BALTIMORE – U.S. Customs and Border Protection (CBP) officers arrested two wanted fugitives each on Tuesday at Baltimore Washington International Thurgood Marshall Airport (BWI) and Washington Dulles International Airport (IAD).
CBP officers at IAD arrested:
- Omar Mahamed Abdulahi, 23, of Annandale, Va., on larceny and assault charges out of Fairfax County, Va., as he prepared to depart the U.S. for Switzerland. CBP turned Abdulahi over to Metropolitan Washington Airports Authority Police.
- Adonis Nseudi, 30, of Upper Marlboro, Md., on second degree assault charges out of Prince George County, Md., after he arrived on a flight from Belgium. CBP turned Nseudi over to Metropolitan Washington Airports Authority Police.
CBP officers at BWI arrested:
- Raha S. Robinson, 24, of Boiling Springs, S.C., on rape allegations out of Riley County, Kansas. Robinson returned to the U.S. from Germany. CBP turned Robinson over to Maryland Transportation Authority Police.
- Scott W. Lewis, 35, of York, Pa., for a probation violation on a traffic violation in Harford County, Md., after Lewis arrived from Punta Cana. CBP turned Lewis over to Harford County Sheriff’s Office deputies.
“As the nation’s border security agency, Customs and Border Protection sometimes encounter travelers with outstanding arrest warrants and returns them to face their charges,” said Augustine Moore, CBP Director, Baltimore Field Operations. “These warrant arrests are examples of CBP’s collaboration with our law enforcement partners to protect victims’ rights, return fugitives to justice, and to help keep our communities safe.”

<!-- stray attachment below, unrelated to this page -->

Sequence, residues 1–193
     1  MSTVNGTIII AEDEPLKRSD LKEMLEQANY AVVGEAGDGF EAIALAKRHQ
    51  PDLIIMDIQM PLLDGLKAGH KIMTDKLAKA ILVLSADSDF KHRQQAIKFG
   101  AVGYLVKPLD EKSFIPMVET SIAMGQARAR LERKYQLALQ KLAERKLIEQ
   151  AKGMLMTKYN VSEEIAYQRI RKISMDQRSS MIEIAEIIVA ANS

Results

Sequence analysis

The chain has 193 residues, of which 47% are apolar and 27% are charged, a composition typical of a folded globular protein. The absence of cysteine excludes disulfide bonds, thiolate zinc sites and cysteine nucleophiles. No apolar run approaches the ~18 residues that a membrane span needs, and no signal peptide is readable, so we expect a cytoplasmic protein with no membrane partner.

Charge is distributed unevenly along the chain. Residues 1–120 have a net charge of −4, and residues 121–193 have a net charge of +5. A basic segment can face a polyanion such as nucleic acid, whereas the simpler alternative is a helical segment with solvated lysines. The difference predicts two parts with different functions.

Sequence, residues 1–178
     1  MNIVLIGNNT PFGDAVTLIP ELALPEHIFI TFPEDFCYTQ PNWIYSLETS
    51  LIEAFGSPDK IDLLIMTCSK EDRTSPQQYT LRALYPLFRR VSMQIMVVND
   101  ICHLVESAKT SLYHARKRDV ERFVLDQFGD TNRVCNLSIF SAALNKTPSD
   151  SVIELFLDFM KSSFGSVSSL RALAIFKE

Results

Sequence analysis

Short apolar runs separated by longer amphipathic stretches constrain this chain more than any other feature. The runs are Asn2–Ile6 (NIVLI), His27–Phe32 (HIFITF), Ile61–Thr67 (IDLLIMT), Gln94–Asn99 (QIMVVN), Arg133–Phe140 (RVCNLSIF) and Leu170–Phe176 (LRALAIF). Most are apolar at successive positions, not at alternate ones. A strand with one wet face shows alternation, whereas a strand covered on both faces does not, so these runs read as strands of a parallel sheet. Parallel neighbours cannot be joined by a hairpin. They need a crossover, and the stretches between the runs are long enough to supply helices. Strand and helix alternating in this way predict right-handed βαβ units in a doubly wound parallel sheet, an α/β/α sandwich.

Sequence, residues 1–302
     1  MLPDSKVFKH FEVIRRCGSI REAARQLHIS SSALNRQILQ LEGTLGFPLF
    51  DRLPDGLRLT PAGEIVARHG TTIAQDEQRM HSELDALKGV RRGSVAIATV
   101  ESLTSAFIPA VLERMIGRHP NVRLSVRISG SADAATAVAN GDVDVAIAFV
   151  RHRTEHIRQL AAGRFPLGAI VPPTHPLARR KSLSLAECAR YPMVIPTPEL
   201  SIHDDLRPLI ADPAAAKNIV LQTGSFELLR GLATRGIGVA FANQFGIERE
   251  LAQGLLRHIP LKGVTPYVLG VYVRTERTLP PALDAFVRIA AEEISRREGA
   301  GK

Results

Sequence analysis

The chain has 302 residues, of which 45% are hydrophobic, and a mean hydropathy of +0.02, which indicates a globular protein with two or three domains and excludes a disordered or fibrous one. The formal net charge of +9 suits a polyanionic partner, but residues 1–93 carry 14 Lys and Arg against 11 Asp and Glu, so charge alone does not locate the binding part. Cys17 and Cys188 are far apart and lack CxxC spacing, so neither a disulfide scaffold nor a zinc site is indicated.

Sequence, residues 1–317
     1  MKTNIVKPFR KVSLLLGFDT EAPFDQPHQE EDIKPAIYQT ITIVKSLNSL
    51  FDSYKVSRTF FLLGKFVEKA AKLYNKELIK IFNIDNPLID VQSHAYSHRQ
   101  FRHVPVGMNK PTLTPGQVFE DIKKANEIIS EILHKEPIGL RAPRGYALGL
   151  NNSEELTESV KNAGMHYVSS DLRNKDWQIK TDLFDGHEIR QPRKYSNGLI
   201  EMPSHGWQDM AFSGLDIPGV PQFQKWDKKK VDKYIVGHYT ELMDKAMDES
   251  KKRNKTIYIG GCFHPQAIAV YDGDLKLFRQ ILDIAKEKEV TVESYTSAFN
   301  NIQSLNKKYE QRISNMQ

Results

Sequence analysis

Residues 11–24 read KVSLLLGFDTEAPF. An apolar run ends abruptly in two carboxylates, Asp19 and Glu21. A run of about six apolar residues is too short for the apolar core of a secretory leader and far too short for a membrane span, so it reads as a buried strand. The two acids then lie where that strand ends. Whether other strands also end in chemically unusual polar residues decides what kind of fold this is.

CBP officers examine passenger manifests on arriving international flights before those flights land. CBP works with the wanting jurisdiction to verify that the warrant and extradition order remain active. CBP then verifies that the traveler is the subject of the warrant, and works with local law enforcement to initiate extradition to the wanting jurisdiction.
On average, CBP arrests 23 wanted persons every day at air, land and sea ports of entry across the United States.
CBP routinely conducts inspection operations on arriving and departing international flights and intercepts narcotics, weapons, currency, prohibited agriculture products, and other illicit items. View CBP Snapshot to learn some of what CBP achieves ‘On a Typical Day.’
Travelers are encouraged to visit CBP’s Travel website to learn rules, tips and advice to help quickly complete their CBP international arrivals inspection.
Criminal charges are merely allegations. Defendants are presumed innocent until and unless proven guilty in a court of law.